‘Looking back over the accused, you see some women turning up in court records all the time,’ says Linda. ‘They’re causing disturbances, annoying their neighbours, until it eventually gets to a point where the neighbours think: “Let’s just accuse her of being a witch”.
‘The records show that it quite often runs in families,’ she continues. ‘A family will have a bad name and so you get successive generations being accused of witchcraft. Take the Grandin family, where you’ve got the mother being accused, and then her two daughters are both accused, and so the family gets a bad name and they’re soon appearing in court.
‘Obviously not all of the accused were put to death, some of them were banished, and others were released and told to mend their ways.’
Beginning with the ‘execution on the gibbet’ of Michelle La Blance Vestue in 1562, there were multiple trials and public hangings over a 100-year period in Jersey, often with little activity for several consecutive years and then multiple executions occurring in a matter of months.
One such example of this would be 1591. According to current records, there were no executions for witchcraft over the preceding six years, and then five locals – Symon Vauldin, Beneste Jamet, Katherine Bertram, Michiel Alixandre and Michiel’s son Collas Alixandre – were all hanged in the final three months of the year.
‘Quite often if there was cause for unrest, such as a plague arriving in the Island, then there would tend to be witch trials as a result,’ says Linda. ‘It could be because people were looking for scapegoats to accuse of spreading the plague, or it could be that the women were trying to heal people who had the plague and it didn’t work and so the relatives then turned on the healer.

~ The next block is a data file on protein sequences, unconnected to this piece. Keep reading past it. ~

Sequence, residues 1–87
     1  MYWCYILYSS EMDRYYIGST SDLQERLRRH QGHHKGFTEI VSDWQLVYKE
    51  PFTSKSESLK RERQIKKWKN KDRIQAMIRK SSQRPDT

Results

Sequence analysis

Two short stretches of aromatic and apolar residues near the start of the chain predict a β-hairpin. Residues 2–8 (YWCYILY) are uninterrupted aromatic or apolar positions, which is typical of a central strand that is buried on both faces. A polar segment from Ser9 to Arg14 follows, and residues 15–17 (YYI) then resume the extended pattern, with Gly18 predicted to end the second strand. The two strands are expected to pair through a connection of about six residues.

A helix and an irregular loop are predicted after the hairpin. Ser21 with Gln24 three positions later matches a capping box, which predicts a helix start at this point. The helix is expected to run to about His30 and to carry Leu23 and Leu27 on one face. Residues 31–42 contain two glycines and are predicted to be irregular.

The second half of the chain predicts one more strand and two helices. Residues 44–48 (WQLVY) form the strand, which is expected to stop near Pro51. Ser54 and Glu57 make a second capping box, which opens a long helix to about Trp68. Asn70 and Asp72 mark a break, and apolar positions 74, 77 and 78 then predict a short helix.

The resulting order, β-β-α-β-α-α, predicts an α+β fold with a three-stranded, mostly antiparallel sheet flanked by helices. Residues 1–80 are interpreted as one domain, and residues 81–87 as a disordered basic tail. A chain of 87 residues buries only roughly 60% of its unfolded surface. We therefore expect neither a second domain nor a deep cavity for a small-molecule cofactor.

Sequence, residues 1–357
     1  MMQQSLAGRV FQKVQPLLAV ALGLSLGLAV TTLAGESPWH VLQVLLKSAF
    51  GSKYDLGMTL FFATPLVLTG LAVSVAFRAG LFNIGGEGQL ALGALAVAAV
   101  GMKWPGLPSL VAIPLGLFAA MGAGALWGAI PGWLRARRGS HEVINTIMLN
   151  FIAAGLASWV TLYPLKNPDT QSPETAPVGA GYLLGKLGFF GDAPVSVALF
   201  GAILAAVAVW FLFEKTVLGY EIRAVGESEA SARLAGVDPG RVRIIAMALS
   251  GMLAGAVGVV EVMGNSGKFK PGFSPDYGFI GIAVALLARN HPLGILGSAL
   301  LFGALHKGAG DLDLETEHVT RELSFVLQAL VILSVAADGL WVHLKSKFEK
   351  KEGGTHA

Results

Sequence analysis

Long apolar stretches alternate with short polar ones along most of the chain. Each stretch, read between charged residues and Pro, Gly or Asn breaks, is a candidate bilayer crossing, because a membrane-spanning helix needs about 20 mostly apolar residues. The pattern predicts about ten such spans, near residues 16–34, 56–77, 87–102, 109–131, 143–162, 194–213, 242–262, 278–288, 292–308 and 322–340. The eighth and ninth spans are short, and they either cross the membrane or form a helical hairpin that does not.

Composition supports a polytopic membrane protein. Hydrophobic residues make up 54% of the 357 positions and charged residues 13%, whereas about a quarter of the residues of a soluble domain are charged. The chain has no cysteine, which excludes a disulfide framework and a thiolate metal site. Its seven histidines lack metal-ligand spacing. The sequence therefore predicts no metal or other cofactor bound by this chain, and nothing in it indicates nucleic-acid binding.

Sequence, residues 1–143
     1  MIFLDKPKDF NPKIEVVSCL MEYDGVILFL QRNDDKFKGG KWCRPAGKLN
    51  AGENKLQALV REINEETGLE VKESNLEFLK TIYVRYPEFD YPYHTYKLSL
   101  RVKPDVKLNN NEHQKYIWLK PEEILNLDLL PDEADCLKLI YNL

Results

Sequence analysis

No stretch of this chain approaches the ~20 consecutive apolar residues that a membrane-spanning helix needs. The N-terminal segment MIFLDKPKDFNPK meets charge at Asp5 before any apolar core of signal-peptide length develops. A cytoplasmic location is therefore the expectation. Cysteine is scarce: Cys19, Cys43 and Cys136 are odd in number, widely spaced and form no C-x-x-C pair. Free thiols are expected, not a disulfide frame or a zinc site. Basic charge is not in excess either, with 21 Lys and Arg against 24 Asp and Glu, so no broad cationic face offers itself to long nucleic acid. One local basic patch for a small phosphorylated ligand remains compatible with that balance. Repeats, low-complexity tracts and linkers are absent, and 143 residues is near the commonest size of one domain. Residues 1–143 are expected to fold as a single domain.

‘It is entirely possible that this happened to the extent that it did due to Jersey being such a small community,’ she adds. ‘I find it interesting how communities can pull together in times of stress – but they can also go in the opposite direction.’
Of course, the most well-known witch trials are those that took place in Salem in the late 17th century, during which more than 200 people were accused of being witches in the space of just 16 months, with 19 being hanged as a result an elderly British-born farmer, Giles Corey, was slowly crushed to death over the space of three days for refusing to enter a plea).
Mercifully, Jersey never quite reached such a level of mass hysteria, although the methods by which the accused were made to stand trial were nevertheless sadistic.
‘If you were accused then you would have two options,’ says Linda. ‘Either you could confess, and some people were kept in prison at Mont Orgueil for up to a year in order to get them to confess, although obviously it wouldn’t generally end well for you if you did. Otherwise there would basically be a parish indictment. When you think of a stereotypical witch trial, it is very much neighbours doing the accusing, and those who were accused of witchcraft were often slightly on the fringes of society. They would be elderly ladies living on their own, or healers who were doing things outside of the normal medical procedures. And then all it takes for a little bit of hysteria is for someone to say: “Well, I went to her and she gave me this and then this happened and it caused me to do this”.’